Is Alcohol a Drug?

I was having a conversation this afternoon about rehab and I guess out of habit I kept saying "drug rehab" when we were talking about a person with an alcohol problem. I got called on it and the gentleman said, "well I don't need drug rehab I need alcohol rehab!" Ok this kinda side swiped me and and I stumbled for a minute, I was at a bit of a loss for words.

After a few seconds when I collected myself I said, "is alcohol a drug?" He says absolutely not, so my next question was "is water a liquid?" Well of course it is he tells me. Well alcohol is a drug no different then water is a liquid the only reason you are making the distinction is because one is legal and the other mostly isn't but it is definitely a drug thats for sure.

Is Alcohol a Drug?

Alcohol is not only a drug it is THE drug, it causes more addiction, violence, health problems, etc. then pretty much all others combined and most common date rape 'drug' of all of them, definitely the easiest to get your hands on.

In normal everyday speech however the word drug does not include alcohol normally, but lets look at the definition of the word.

Drug - Noun

  1. A medicine or other substance which has a physiological effect when ingested or otherwise introduced into the body.
  2. A substance taken for its narcotic or stimulant effects, often illegally: a cocaine-based drug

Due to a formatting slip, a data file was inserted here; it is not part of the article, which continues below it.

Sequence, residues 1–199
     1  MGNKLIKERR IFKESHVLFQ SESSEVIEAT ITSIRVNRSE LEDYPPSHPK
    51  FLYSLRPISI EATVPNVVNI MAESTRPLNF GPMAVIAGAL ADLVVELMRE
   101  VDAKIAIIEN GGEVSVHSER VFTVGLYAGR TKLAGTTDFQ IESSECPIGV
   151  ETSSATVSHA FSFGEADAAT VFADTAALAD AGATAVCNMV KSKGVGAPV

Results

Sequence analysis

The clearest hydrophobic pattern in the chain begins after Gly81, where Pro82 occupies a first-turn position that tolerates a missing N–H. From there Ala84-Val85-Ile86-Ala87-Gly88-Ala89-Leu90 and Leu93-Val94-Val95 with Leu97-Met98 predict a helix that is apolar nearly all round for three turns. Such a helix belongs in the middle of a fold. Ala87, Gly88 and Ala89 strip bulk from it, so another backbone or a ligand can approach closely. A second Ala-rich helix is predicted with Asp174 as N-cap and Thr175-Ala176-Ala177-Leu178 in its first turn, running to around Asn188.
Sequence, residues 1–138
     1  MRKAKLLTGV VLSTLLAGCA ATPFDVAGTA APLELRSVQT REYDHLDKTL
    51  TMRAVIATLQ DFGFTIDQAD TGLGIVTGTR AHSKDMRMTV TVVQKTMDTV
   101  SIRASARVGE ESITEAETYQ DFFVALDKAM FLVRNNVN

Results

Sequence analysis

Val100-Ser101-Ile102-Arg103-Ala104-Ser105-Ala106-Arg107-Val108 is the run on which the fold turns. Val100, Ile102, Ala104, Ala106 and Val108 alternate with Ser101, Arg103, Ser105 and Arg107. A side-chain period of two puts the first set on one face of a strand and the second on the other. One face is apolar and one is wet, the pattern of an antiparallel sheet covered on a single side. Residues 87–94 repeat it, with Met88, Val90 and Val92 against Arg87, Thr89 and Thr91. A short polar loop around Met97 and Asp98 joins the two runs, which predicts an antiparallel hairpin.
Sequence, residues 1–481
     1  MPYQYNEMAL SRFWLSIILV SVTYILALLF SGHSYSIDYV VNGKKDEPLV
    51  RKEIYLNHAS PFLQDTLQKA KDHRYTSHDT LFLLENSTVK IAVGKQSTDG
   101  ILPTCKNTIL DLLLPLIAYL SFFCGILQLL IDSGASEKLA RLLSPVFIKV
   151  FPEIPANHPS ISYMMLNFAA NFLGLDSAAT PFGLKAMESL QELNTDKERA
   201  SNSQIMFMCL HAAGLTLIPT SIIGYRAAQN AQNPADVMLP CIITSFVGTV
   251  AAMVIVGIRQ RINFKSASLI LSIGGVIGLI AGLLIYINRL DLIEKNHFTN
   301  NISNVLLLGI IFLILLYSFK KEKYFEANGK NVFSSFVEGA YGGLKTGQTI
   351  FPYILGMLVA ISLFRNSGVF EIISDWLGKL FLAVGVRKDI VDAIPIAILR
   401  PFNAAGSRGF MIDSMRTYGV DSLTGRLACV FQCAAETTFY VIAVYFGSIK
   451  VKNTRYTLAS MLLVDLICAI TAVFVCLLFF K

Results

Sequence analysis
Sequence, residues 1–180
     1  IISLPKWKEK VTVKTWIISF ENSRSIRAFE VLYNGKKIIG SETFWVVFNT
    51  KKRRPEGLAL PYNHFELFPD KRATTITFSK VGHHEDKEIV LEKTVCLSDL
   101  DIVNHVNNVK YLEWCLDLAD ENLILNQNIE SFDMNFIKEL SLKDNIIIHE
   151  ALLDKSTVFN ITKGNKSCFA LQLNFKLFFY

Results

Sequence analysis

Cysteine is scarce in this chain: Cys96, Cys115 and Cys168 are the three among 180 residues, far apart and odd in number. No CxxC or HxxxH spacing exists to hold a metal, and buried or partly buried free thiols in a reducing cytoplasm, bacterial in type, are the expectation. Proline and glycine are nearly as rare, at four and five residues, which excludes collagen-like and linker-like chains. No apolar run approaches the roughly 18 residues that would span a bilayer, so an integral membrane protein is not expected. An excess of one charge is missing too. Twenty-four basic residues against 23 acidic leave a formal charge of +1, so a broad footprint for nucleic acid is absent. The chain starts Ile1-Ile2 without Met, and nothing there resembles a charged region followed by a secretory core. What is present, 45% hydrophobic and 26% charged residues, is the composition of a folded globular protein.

Is Alcohol a Drug? Well as for #1 it is definitely a substance that has a physiological effect when introduced into the body and for #2 it is also taken for it's narcotic or stimulant effect. It takes time to get use to the taste and if not for the effect I don't think people would drink it again after the first shot.

So by the definition it is definitely a drug, so why the distinction? I think it is because one is legal and socially acceptable and the other is not. Even in rehab you see the difference in groups sometimes and almost a hierarchy from between the "drug addicts" and the "alcoholics." Where the alcoholics can form a sense that they are not the same as "them!"

Is Alcohol a Drug?

In some ways alcohol is the most difficult drug to get off? Why? Well it is a hell of allot more readily available, you can walk into 7/11 in many places and score, you don't have to know someone and meet them down a back alley. If your minted up with cash who is going to say anything to you when you "score" a 30 year old bottle of scotch? Not just that is alcohol is your drug of choice you can go to the ready made drug dealers to hook up, called pubs.

So is alcohol a drug? Yes definitely, but a socially acceptable one. If you call up work in the morning and tell your boss, "I had a really big night last night, we didn't stop drinking till about 4am, I better not come into work today." In todays society you are being socially responsible and might even be commended for blowing off work providing it doesn't happen very often, the boss might even laugh about it. Now call up and say, "Boss I was out smoking crack till 4am, I better not come into work today!" Think his reaction will be the same? Why isn't it? The results are the same, your not at work in the morning and the company is loosing productivity because your night got out of hand and you are not fit to goto work.